LONDON (Reuters) – Brit Insurance (BRE.L) said Apollo Management had raised its takeover bid to 10.75 pounds a share, valuing it at about 852 million pounds ($1.32 billion) and improving the chances of a successful conclusion to a deal.
The head of the Lloyd’s of London insurer said the revised approach from Apollo was a step forward in the proceedings, after it rebuffed an improved takeover proposal of 10.50 pounds per share earlier this month.
“On behalf of shareholders, we think it is a good basis on which we can start to have discussions,” Chief Executive Dane Douetil told Reuters.
Brit, which sponsors the England cricket team, said it had opened its books to the U.S. buyout firm, after reporting a first-half pretax profit which smashed market expectations on Wednesday and said the momentum would continue.
Analysts said the sweetened approach from Apollo, although not formally recommended by Brit, indicates a deal is likely to go ahead.
“We believe this is now the beginning of the end for Brit,” said Eamonn Flanagan at Shore Capital.
“The strong H1 results should provide reassurance to Apollo and we believe the probability of a formal bid now coming has increased,” said Christian Stobbs at KBC Peel Hunt, adding that he is likely to upgrade full-year forecasts.
Brit, which moved to the Netherlands for tax purposes last year, said the latest approach includes a 30 pence dividend and due diligence is expected to take a number of weeks.
“If they (Apollo) do ever make an offer, at that time, we will consider the offer,” said Douetil.
Shares in Brit were up 10.0 percent to 10.05 pounds at 0936 GMT, while the FTSE 250 .FTMC was down 0.4 percent.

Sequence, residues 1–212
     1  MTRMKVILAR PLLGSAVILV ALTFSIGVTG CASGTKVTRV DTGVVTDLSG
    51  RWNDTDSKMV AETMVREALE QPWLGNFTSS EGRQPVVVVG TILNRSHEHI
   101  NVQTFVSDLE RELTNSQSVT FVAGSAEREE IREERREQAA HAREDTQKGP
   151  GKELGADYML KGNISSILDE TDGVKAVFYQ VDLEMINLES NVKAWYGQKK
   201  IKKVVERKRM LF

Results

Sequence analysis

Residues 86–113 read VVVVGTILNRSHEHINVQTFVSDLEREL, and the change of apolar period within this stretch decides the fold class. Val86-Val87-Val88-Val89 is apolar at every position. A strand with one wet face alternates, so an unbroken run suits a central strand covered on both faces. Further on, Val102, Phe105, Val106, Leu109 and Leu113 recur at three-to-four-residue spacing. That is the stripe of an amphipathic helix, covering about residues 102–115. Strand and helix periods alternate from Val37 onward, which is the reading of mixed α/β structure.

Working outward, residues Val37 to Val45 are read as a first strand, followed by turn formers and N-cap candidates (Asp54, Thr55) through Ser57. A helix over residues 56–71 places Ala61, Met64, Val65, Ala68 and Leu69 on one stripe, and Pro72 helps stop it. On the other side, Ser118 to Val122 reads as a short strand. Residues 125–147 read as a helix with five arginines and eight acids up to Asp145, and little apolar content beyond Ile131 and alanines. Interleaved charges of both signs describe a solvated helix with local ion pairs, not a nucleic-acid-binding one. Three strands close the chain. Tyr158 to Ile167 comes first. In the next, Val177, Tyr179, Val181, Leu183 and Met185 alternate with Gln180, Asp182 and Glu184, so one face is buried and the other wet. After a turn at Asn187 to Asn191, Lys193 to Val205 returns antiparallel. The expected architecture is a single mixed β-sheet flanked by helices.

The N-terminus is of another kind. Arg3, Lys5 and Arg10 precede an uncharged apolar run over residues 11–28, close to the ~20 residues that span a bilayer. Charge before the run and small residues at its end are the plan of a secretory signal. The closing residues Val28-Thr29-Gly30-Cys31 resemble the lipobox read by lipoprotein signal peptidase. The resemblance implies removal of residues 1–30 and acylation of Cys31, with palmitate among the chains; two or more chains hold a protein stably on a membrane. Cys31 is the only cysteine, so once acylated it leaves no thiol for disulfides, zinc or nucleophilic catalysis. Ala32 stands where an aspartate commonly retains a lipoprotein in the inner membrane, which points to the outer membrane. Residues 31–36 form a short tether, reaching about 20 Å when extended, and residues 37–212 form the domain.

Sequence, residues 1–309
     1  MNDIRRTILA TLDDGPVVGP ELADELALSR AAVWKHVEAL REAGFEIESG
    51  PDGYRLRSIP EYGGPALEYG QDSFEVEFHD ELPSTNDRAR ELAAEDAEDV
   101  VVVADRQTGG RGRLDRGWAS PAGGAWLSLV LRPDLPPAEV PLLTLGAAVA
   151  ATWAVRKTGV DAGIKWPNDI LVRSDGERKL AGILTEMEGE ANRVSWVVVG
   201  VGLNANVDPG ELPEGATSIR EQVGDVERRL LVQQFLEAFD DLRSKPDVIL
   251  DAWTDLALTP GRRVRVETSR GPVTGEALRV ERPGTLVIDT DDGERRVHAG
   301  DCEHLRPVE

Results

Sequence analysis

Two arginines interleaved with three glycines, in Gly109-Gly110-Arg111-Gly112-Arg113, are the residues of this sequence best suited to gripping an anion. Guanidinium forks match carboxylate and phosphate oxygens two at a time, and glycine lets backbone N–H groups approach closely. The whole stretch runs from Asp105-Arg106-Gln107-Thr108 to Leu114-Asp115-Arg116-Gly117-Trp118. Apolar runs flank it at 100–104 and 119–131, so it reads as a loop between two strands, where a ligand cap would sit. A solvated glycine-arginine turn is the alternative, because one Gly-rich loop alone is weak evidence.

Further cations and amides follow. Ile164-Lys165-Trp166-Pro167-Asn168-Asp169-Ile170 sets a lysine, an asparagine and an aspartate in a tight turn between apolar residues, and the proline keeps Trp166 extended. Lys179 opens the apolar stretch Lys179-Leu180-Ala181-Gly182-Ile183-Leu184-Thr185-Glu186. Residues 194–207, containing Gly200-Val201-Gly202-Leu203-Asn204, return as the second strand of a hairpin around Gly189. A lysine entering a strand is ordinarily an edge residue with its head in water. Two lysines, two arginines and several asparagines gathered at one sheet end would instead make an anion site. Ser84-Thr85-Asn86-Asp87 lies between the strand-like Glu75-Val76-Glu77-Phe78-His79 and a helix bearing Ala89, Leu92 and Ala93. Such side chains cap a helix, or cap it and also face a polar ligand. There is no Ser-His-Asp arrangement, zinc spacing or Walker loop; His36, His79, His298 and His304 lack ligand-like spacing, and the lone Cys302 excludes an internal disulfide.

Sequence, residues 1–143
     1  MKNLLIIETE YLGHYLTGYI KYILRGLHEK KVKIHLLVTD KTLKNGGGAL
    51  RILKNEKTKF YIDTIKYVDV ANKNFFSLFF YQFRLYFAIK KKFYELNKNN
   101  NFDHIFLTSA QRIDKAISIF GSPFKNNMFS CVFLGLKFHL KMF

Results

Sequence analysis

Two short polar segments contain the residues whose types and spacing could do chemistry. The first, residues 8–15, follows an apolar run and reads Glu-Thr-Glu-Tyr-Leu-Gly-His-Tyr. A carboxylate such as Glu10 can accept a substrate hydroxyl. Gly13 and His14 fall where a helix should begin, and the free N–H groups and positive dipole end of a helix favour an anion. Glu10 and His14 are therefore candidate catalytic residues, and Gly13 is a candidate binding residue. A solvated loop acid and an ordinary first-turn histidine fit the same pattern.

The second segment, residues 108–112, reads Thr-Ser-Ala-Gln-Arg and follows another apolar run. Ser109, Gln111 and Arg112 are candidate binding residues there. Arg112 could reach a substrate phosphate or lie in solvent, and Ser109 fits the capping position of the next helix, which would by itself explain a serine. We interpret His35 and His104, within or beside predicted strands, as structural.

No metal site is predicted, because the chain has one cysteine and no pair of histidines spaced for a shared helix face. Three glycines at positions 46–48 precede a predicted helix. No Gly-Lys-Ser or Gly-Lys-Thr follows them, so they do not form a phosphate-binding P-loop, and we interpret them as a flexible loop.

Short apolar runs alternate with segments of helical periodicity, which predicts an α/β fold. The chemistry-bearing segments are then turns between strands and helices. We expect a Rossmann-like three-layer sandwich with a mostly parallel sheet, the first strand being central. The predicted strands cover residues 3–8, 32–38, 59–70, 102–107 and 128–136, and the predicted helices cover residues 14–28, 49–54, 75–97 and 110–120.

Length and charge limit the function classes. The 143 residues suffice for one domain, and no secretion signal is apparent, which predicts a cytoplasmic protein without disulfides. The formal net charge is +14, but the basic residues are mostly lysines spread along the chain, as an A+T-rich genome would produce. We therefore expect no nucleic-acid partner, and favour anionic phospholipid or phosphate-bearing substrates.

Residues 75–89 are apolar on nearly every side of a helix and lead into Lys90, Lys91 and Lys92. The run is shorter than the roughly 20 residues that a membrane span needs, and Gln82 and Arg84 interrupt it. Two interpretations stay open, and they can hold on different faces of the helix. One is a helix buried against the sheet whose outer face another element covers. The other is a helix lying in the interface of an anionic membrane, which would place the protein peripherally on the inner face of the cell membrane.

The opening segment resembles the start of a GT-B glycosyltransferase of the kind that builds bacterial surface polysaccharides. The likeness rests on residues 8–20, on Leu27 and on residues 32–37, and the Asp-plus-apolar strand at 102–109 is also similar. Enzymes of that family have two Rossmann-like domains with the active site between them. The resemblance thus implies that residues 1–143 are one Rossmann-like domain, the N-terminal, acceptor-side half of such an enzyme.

Brit’s shares have climbed about 26 percent since it knocked back Apollo’s original 10 pounds per share cash approach on June 11 which valued the company at 770 million pounds. Analysts believed the company was holding out for an offer equivalent to its net asset value of about 11 pounds per share. [ID:nLDE65E0SI]
Lloyd’s of London insurers, which offer cover against large-scale risks such as natural disasters, are seen as potential takeover targets because cyclically low insurance prices have weighed heavily on their shares.
However, analysts say a lack of well-funded trade buyers, and companies’ determination to hold out against opportunistic private equity bids, could mean few deals are completed.
Brit reported a pretax profit of 72.8 million pounds ($113 million) for the six months to end June, compared with 64.9 million pounds in the same period last year, driven by a strong underwriting performance.
Analysts polled by the company had put pretax profit at 47.9 million pounds, with expectations ranging between 15 and 65 million.
Brit, which insures UK businesses and also operates in the Lloyd’s market, reported a combined ratio of 96.5 percent and investment return of 1.6 percent.
Douetil added the group is “well down the path” in finding a successor to longstanding CFO Matthew Scales, who will step down this year. (Reporting by Lorraine Turner; Editing by Paul Hoskins, Mike Nesbit) ($1=.6444 pounds)